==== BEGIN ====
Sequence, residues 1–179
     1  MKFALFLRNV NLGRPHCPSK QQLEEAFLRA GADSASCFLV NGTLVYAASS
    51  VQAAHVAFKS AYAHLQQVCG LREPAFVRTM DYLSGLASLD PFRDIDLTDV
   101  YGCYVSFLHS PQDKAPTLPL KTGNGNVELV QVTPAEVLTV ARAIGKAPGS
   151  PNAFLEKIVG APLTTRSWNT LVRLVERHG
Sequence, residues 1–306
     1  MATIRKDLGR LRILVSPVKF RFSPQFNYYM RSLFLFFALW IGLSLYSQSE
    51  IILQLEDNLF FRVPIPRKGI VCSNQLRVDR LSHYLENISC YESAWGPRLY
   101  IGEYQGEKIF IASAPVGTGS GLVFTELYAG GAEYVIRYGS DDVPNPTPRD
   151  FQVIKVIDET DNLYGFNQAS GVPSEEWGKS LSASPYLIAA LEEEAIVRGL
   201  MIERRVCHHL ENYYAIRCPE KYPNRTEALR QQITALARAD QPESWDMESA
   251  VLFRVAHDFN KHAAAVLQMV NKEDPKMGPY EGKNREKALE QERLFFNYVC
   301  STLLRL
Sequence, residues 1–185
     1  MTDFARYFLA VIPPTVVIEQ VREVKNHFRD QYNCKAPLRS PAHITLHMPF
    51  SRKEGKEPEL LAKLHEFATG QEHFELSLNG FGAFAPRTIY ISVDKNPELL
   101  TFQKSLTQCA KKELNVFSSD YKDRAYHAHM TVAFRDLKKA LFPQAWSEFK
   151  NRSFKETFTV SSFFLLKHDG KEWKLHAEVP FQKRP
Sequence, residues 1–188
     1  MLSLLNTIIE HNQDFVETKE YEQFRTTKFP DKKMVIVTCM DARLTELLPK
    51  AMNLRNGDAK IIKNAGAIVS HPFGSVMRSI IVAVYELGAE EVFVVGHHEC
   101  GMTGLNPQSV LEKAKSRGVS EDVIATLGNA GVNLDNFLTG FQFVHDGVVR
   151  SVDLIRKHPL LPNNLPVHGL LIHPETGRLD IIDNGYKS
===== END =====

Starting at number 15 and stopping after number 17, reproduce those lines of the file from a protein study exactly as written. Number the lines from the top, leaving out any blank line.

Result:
     1  MTDFARYFLA VIPPTVVIEQ VREVKNHFRD QYNCKAPLRS PAHITLHMPF
    51  SRKEGKEPEL LAKLHEFATG QEHFELSLNG FGAFAPRTIY ISVDKNPELL
   101  TFQKSLTQCA KKELNVFSSD YKDRAYHAHM TVAFRDLKKA LFPQAWSEFK